Regions we love
Contributed by feature reporter Jens Hoffmann
Nordic Cuisine and lots of fun.
Lets start with Helsinki for foodies.
My restaurant tip- RAVINTOLA NOKKA.
Every visit to a restaurant holds a story. In Restaurant “Nokka” the story is influenced by chef Ari Ruoho and his pure ingredients.The duck is from Alhopakka, the ceps comes from the known pickers and the lamb from Bovik, Snappertuna.The eagerness of each producer, subjective responsibility and the ethical level of the whole occupation indeed shows – and tastes.
Stories spring from people. From those who have a serious but enthusiastic relationship with their own product and enjoyment of food.
We had a great dinner.
Book a table: Ravintolanokka
Helsinki City, from here we started out tour to Klovharu.The lovely island where Tove spend all the summers with her loved ones. The sun was shing, 33 degrees what a perfect day. The island has just a few trees and a bush, we hopped off the boat and foud a small cosy dependance, a one-room pine cabin.
While the comforts within are basic they’re certainly colourful. White cotton curtains with swirls of orange provide a sunny frame for windows. So nice.
We took a bath in the sea and enjoyed the day.
100th birthday of Tove Jansson.
Sure you know them? Tove’s moomins are lovely, just great and world famous. So, she is the Moomins founder and one of the most successful children’s book illustrator ever.
For me personal she is “Miss Finnland”, the most famous finish woman.
We started our tour in Helsinki, and after three days – full of fine food eg. @ the famous Ravintola Nokka in Helsinki- we drove to Poorvoo and checked in @ the Haikko Manor hotel.
Later on we went back to Haikko.
A fantastic location with excellent facilities and a beautiful spa. For us the highlight was the -110 super cold treatment, which was really amazing.
The hotel’s breakfast was nice but not that amazing. Overall, the hotel is a lovely, experience, although the rooms just need a modernisation and face-lift.
Let’s go back to Torve. Her whole life was the Moomins, there are the Moominfamily (Mum and Dad) little white trolls who live in Moominvalley with other Moomins. Tove’s grew up in an artistic household in Helsinki. Her father was a sculptor and her Swedish mother an illustrator. She studied art in cities like eg Stockholm, Helsinki, Paris and Rome. Before WW2 she returned to Finland. The war had obviously a great effect on her and her first Moomin book with the title The Moomins and the Great Flood. It was published in 1945. Tove’s was depressed of the war and stupid men. This was mirrored in her first books, writing a children’s book about a great flood is defintely unusual. There are descriptions of mommies leaving their homes, just like in Helsinki where people leaving their homes for fear of the bombs. You can find this themes in her books, although they look really friendly.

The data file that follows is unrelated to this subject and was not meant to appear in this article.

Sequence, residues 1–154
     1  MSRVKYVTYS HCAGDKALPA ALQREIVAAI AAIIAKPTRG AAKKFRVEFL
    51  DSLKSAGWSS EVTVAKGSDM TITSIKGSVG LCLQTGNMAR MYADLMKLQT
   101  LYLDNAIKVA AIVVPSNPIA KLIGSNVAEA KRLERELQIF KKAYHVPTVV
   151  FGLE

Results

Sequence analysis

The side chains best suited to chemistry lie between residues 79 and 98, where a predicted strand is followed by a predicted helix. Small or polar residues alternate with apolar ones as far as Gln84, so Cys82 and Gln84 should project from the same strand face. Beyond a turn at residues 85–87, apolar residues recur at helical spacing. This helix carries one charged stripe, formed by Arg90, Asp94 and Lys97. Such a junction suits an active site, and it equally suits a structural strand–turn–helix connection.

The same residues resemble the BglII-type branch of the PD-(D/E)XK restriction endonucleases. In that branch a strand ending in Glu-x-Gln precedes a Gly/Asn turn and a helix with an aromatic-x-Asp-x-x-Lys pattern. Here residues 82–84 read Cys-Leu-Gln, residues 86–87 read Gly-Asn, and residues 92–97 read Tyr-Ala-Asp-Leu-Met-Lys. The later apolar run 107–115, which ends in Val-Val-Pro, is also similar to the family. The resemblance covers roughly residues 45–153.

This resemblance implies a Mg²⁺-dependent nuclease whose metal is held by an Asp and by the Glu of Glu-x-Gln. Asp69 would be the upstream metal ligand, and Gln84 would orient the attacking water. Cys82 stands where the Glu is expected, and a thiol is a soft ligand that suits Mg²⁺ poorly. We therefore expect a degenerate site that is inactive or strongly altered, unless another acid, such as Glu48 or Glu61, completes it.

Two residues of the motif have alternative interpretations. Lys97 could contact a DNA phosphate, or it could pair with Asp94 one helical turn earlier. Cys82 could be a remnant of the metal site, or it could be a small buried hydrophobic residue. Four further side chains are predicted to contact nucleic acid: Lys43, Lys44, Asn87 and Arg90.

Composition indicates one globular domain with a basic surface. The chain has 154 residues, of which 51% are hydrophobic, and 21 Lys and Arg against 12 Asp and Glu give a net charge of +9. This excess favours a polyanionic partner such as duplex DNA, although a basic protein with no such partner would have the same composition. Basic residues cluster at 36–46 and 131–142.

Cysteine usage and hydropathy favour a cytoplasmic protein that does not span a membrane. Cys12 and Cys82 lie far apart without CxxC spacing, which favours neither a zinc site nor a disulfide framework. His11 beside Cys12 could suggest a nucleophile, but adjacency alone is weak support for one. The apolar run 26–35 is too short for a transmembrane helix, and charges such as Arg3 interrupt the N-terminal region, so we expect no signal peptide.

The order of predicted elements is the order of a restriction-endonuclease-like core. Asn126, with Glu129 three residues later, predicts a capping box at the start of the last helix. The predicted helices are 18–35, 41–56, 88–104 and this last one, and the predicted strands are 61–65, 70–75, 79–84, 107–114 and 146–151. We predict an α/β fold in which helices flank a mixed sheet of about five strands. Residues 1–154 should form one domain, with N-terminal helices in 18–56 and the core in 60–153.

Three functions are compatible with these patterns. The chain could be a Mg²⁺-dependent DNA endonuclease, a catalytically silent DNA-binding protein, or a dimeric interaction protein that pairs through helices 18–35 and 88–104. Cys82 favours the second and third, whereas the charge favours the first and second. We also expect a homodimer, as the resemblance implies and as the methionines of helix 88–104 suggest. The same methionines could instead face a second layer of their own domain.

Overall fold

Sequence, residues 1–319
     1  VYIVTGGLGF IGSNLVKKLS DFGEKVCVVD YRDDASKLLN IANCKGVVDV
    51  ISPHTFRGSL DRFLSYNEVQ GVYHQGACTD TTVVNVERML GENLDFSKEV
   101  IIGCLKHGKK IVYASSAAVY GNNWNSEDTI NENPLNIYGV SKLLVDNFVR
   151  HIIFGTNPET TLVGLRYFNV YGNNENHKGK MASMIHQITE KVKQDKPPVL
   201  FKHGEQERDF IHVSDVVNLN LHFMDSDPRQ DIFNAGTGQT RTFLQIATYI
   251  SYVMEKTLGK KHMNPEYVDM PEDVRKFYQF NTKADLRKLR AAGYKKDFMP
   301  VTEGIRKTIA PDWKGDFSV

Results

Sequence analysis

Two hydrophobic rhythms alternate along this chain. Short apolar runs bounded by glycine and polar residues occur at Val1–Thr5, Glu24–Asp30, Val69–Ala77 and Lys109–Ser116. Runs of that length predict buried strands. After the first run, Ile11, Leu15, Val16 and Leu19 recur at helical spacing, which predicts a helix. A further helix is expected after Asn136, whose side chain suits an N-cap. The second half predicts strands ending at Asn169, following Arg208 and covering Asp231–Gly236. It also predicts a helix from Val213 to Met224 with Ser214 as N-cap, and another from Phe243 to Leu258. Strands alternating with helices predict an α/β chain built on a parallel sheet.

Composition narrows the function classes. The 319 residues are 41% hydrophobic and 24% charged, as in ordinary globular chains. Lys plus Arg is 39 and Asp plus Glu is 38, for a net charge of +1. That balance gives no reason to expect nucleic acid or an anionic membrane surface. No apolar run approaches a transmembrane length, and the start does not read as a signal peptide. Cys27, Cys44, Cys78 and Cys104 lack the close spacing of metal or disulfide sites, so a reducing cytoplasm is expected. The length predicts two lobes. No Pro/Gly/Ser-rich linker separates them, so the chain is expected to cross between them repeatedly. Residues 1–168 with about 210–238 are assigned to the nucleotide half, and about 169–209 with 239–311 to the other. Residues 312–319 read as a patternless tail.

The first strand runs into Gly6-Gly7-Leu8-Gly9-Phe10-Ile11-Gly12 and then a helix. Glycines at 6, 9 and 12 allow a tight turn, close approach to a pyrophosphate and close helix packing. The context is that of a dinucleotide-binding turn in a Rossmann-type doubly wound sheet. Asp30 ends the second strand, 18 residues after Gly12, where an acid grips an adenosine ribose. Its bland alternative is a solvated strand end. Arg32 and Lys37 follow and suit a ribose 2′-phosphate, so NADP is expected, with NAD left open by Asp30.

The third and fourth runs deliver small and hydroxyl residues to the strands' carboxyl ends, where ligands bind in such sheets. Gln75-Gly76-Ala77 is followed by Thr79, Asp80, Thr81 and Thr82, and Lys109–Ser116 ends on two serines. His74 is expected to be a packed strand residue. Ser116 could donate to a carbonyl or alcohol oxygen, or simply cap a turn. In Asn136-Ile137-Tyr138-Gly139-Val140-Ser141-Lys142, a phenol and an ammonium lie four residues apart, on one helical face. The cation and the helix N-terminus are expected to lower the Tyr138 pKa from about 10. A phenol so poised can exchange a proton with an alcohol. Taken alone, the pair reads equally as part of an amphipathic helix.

Tove’s breakthrough came later on when her book – Finn Family Moomintroll – was translated into English. Two new characters, Thingumy and Bob appeared in that book. The pair represent Tove Jansson and a married woman, Vivicka Bandler, with whom she had a passionate love affair. Homosexuality was illegal in Finland at the time, so everything had to be kept secret. Thingumy and Bob are always together, walking hand in hand and they have a suitcase but they won’t tell anyone what is in it, it should be a sign of secret love. Finally when they open the suitcase, the reader and the whole of Moominvalley got a picture of their love story. People liked her style and a London agent offered Jansson a deal to produce a Moomin comic strip for a big London newspaper. Jansson agreed to produce six Moonin strips a week for seven years, starting in 1954.